What can be more private than our genes, the basic biological blueprint that makes each of use unique and human?
Genes are composed of DNA, and in them, you can read not just whether our eyes are blue or brown or our hair is red or blonde, but things less subtle than the obviously physical. For example, scientists have found that in certain people, there is a genetic disposition to shyness.
Our genes also predispose some of us to genetic diseases, such as Huntington's disease, which killed the folk singer Woody Guthrie. And they can also make it more likely that some of us will contract cancer or will be prone to high blood pressure and heart disease.
DNA is starting to take center stage in the privacy wars. There are great fears that DNA profiling can be misused by individuals, businesses, and governments. In particular, people worry that massive databases could be created of people's genetic profiles and that the information could be sold to the highest bidder and used for inappropriate purposes.
Most people don't realize it, but these databases already exist. For example, those in the military must submit genetic samples to the Department of Defense, which puts them into the Pentagon's DNA database. The database's purpose is to make it easier to identify the remains of soldiers who have been killed.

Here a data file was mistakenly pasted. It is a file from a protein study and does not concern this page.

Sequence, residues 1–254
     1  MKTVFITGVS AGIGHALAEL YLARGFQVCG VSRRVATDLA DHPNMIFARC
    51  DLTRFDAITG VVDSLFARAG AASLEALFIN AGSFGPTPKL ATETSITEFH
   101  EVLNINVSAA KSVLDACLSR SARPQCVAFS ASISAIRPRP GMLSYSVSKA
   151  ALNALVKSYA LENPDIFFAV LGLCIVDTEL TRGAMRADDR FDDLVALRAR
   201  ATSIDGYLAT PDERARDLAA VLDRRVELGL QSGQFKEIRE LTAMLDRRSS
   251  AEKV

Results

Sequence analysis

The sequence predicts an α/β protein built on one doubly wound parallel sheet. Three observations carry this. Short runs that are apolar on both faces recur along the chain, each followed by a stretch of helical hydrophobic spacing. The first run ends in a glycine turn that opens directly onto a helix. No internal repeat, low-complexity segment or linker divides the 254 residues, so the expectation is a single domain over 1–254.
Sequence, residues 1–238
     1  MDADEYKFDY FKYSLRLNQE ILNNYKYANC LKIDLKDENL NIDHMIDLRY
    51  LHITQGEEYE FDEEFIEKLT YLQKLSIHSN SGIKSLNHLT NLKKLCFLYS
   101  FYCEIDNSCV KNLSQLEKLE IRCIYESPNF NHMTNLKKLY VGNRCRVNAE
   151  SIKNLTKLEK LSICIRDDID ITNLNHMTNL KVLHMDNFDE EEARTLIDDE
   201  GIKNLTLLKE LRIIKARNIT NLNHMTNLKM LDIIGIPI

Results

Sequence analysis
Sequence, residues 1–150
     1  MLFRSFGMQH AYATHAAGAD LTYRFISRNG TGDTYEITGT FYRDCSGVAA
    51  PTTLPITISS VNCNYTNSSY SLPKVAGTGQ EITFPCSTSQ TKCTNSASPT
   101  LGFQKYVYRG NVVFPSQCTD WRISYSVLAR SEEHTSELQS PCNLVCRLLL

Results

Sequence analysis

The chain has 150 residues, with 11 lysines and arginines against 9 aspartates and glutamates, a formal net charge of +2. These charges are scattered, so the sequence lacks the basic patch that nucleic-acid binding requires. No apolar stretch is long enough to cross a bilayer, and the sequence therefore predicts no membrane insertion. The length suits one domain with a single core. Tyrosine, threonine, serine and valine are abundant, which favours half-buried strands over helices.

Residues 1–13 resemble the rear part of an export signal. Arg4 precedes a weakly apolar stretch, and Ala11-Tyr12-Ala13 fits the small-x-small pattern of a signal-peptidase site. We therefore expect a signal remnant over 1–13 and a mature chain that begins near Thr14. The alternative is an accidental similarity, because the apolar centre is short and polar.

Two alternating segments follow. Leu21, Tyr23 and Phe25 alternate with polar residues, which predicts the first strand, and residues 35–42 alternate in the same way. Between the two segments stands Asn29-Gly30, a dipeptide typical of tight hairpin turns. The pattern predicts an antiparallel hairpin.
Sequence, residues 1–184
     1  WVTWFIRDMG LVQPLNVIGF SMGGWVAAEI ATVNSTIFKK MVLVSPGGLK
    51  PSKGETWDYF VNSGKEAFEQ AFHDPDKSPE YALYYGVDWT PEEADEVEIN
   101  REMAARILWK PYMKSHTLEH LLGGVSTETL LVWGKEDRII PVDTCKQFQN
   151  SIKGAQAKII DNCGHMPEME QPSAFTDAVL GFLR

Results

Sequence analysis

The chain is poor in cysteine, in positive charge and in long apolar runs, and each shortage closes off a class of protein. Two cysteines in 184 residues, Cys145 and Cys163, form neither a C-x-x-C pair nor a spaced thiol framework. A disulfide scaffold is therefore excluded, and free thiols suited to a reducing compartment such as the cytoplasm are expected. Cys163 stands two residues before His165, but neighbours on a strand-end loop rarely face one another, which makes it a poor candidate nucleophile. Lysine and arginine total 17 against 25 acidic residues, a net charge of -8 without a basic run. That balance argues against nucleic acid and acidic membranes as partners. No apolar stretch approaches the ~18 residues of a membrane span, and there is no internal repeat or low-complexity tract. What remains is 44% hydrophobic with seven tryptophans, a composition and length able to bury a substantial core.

Hospitals, of course, take genetic samples as well to test for a variety of genetic diseases.
Law enforcement uses DNA profiles to help catch and convict those who commit crimes. Individual states have their own DNA databases. In 1994, the DNA Identification Act established an FBI-run national DNA database, called Combined DNA Identification System (CODIS). CODIS links together all the state databases, so someone can search the DNA database of all the states.
There are plenty of good reasons for establishing these DNA databasesthey can help solve crimes, jail criminals, and help keep people healthier. But there is also a great deal of danger as well. DNA profiles have the potential to be perhaps the greatest invaders of people's privacy ever created. The most intimate parts of our lives could theoretically be sold to the highest bidder and be used to deny people jobs or healthcare or to mark them as potential future criminals.
Barry Steinhardt, the director of the American Civil Liberties Union's Technology and Liberty Program, pointed to some of these concerns when he testified before Congress against CODIS, "While DNA databases may be useful to identify criminals, I am skeptical that we will ward off the temptation to expand their use."
Will Steinhardt be right? It's still too early to know. The issue has yet to be decided in court, and the use of DNA profiles is in its infancy, apart from their use by law enforcement. Only the future will tell….